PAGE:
The best way to not get bitten by mosquitoes in your home is not to keep them out of the house to begin with.
Your first line of defense is not leaving any windows or doors open and checking all your screens for holes. Having proper sealant and caulking around windows and doors and weatherstripping any remaining gaps is also important, as it doesn’t take much space for insects like mosquitoes to work their way in.
Mosquitoes can also breed indoors (though rare), which can cause a worse infestation than flying in through windows and doors. Mosquitoes cannot breed without a source of standing water, so make sure to promptly seek out and treat all plumbing leaks and keep standing water out of house plants.
For outside your home, consider using mosquito dunks in any ponds or birdbaths. These are a dissolvable formulation of Bti, a pesticide that kills mosquito larvae but is harmless to other organisms in the water.
Finally, treating your vegetation with either a mosquito fogger or a mosquito misting system can keep mosquitoes away from your property and less likely to enter your home. Which of these systems is best for you can depend on your property and needs, so be sure to read the posts we’ve linked to for all the information you need to make the right choice.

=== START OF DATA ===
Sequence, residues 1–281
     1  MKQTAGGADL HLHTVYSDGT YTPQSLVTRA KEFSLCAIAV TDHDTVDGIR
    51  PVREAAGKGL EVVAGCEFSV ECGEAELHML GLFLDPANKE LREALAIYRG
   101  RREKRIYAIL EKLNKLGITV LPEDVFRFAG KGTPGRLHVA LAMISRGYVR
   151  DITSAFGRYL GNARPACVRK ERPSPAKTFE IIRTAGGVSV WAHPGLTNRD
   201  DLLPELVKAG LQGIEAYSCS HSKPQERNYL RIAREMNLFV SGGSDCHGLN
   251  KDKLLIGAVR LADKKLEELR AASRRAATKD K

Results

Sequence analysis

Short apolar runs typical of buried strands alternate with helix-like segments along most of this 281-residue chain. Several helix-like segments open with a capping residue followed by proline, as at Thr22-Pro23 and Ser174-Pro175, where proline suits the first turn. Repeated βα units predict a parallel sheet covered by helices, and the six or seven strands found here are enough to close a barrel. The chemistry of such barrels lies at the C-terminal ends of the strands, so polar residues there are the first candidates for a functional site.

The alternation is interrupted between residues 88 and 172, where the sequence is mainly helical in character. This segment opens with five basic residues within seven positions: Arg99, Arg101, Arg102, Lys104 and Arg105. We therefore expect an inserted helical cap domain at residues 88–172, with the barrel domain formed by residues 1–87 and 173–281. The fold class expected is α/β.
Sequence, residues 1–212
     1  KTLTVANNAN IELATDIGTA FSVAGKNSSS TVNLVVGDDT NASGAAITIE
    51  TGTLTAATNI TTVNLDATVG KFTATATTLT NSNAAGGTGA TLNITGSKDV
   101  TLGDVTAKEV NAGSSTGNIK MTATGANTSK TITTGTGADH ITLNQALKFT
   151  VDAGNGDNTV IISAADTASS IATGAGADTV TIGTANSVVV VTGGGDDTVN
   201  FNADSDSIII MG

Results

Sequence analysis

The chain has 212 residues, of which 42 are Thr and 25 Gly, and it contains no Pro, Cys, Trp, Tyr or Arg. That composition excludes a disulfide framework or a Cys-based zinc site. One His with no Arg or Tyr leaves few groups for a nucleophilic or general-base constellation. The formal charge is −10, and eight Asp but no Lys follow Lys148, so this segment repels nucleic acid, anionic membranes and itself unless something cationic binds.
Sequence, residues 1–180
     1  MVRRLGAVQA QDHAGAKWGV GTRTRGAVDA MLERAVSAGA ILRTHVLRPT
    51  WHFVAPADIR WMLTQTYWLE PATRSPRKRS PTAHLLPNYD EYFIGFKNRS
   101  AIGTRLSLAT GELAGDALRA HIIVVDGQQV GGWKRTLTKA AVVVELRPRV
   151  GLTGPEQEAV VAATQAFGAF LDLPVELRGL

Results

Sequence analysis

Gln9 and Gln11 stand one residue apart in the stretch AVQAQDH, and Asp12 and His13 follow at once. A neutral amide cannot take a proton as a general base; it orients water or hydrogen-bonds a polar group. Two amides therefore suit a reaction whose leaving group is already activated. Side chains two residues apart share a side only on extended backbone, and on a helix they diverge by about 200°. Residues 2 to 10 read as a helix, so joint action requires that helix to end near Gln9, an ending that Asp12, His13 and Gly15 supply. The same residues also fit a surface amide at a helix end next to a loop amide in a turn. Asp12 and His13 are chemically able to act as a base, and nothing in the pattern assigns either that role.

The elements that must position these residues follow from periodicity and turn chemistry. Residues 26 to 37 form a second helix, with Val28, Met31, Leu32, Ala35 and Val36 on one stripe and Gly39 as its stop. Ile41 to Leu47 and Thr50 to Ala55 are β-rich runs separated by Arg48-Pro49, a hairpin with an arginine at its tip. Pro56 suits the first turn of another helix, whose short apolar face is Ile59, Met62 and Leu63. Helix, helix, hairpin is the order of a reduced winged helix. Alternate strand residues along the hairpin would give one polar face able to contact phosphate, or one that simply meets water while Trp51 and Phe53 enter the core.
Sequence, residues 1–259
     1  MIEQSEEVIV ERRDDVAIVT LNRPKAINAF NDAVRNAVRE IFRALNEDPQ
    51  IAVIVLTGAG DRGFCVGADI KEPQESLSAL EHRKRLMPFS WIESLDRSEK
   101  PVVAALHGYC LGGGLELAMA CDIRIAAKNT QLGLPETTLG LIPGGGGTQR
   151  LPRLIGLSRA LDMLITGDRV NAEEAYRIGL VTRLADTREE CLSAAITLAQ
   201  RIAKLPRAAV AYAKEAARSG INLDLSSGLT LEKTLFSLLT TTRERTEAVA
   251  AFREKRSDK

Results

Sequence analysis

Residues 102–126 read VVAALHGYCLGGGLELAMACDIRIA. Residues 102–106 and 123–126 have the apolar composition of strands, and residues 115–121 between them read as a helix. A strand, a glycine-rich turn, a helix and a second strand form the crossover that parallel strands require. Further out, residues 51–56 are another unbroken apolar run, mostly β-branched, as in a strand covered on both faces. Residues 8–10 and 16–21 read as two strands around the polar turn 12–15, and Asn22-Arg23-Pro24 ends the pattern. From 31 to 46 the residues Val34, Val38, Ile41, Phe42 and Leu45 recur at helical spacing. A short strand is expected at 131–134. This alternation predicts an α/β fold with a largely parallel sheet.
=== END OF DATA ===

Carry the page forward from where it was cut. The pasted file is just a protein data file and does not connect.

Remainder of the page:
Mosquito Repellant FAQ
Can I use an ultrasonic mosquito repeller?
No. Ultrasonic mosquito repellers are a scam that don’t work. The theory is that they produce waves at a frequency that disrupts mosquitoes, but there is no evidence that these devices do anything. There are many studies showing they don’t work at all, or even attract more mosquitoes.
Can I use a Thermacell indoors?
A Thermacell should not be used indoors. Thermacells use a combination of heat and chemical insect repellents to generate a safety zone around the device of around 15 feet. And while they work very well outdoors, the EPA does not consider them safe to use indoors, so we do not recommend using this strategy in your house.